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Morneau urged to enact stronger ethical screen to prevent conflicts of interest

26 Oct 17
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Finance Minister Bill Morneau is facing calls for stricter moral oversight of government activities affecting his financial interests as he attempts to sit down on Thursday with the national ethics czar and talk about his belated decision to place considerable private holdings in a blind trust.

Deputy Conservative leader Lisa Raitt told The Globe and Mail which Ethics Commissioner Mary Dawson should not allow a situation to continue where the Finance Minister’s chief of staff is the only track of the ethical screen to prevent conflicts of interest arising from his link to giant human-resource and pension-planning company Morneau Shepell.

Before he was elected in 2015, Mr. Morneau was executive chairman of the firm founded by his father and still possesses one million shares in the company that are worth just more than $20-million.

“His chief of staff is responsible for the ethical display, but that appears to be sort of like the fox guarding the hen house because [that individual is] dependent upon the minister for the job,” Ms. Raitt said.

The Finance Minister should demonstrate to Canadians that he is above reproach and should include the non-partisan deputy minister of finance as the ethical overseer of conflict of interest within his section together with the chief of staff, Ms. Raitt said.

When she became transportation minister in the former Harper government, Ms. Raitt said both her chief of staff and the department’s deputy minister, a civil servant, acted as moral screens to make sure that she didn’t have any knowledge of actions between the Hamilton Port Authority, where her husband was president.

“It’s about the integrity of this procedure for department officials. They don’t need to have anything that will be called into question concerning policy making in order that they will always err on the side of caution,” she said.

“Of course, maybe that’s the issue, that Mr. Morneau was not interested in having discussions about whether his stocks of Morneau-Sheppell were likely to become a problem when talking pension-plan changes{}”

Mr. Morneau told reporters on Wednesday that he did not enter public life to benefit himself financially and he believed that his chief of staff, Richard Maksymetz, did all that was needed to prevent any conflicts of interest.

“My opinion is that the conflict-of-interest display that’s been set up for the previous two years as recommended by the ethics commissioner has worked,” Mr. Morneau said.

The minister said the integrity display only involves Morneau Shepell since his various private corporations and family trusts don’t hold shares in other publicly traded firms.

“The Ethics Commissioner’s view and the recommendations she made to me was that there should be a conflict-of-interest display [for Morneau Shepell] and there were no other conflict of interest displays required as I did not hold any other stocks and did not do any trading and would not do any other trading within the course of the time,” Mr. Morneau told reporters.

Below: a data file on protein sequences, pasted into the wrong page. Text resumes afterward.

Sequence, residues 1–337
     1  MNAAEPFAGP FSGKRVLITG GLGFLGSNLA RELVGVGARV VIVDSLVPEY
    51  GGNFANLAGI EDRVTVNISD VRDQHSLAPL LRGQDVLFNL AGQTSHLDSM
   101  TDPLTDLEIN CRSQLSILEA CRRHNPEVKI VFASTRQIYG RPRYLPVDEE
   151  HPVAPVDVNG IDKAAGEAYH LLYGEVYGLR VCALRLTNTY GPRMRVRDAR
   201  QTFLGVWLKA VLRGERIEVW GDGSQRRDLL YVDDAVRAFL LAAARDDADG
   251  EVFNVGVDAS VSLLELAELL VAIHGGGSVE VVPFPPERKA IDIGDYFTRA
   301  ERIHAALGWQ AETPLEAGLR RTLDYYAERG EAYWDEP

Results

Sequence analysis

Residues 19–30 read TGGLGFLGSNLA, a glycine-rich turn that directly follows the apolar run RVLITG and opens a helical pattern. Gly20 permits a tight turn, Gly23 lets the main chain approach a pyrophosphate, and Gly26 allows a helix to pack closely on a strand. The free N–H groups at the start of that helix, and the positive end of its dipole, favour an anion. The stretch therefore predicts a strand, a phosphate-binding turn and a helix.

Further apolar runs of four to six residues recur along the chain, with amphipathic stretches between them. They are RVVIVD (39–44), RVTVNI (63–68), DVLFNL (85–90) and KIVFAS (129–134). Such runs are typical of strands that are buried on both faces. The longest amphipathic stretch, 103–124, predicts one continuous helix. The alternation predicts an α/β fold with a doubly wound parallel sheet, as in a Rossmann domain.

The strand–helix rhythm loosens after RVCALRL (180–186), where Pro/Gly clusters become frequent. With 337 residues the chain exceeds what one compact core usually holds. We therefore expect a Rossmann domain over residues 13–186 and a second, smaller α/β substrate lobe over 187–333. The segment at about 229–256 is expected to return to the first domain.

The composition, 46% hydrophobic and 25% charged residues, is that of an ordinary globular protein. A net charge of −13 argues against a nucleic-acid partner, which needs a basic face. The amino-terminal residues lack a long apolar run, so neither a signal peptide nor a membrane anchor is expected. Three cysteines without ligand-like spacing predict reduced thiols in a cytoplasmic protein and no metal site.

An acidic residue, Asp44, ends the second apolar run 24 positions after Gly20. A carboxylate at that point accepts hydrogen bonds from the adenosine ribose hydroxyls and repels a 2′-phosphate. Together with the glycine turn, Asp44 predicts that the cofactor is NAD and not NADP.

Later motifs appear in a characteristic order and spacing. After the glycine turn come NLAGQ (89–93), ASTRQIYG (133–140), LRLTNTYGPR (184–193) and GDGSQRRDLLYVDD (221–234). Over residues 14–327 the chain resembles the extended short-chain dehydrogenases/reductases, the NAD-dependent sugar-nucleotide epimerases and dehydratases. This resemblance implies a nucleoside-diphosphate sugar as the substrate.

University of Toronto Professor Andrew Stark, who’s an authority on ethics and conflict of interest, ” said Mr. Morneau should just have the deputy minister of finance act as the conflict-of-interest display until the blind trust is set up and the trustee sells the one million Morneau Shepell shares owned by the Finance Minister.

“I think it’s much better to have the deputy minister do it with no chief of staff,” he said. “The blind trust is supposed to be the gold standard and it’s not necessary after a certain period to get any other remedy [like an ethics display].”

For 2 years as Finance Minister, Mr. Morneau had left the impression that his assets were in a blind trust. The wealthy Toronto businessman only chose to place those assets, such as the one million shares of Morneau Shepell, in a blind trust a week after The Globe and Mail disclosed he had prevented placing his substantial personal holdings into such a blind hope.

At the House of Commons Wednesday, Prime Minister Justin Trudeau dismissed continued questions about Mr. Morneau’s behaviour and accused the opposition of being envious of the Liberal government’s performance. “The members opposite have nothing to do but attack, as they’ve been shown — within the economic growth that we’ve created over the last two years — which they had been completely wrong in the previous election, and the Canadians were right to select a better government{}”

Mr. Morneau defended his ethics on Wednesday, telling reporters that he had been “powerful” in the private sector along with his election to public office was a “huge opportunity” to assist Canadians.

“So I think it’s well understood by those who look towards people like me that we do not come into office for private gain. We come into office to make an impact on the nation. That’s certainly my motivation,” he said.

Opposition MPs have raised concerns that Mr. Morneau was the host of Bill C-27, which might enable federally regulated companies to make “target benefit” pension plans that reduce the monetary liability for companies by shifting risk to workers. The proposed law would require actuarial valuations each year for this sort of plans, which may also mean more work for companies like Morneau Shepell.

The integrity display called for Mr. Morneau’s chief of staff to inform the Finance Minister when he had to recuse himself from discussions that involved his former business. Mr. Morneau’s office said he has recused himself from cabinet discussions on two occasions but his office wouldn’t say if that involved Bill C-27.

Courtesy: The Globe And Mail

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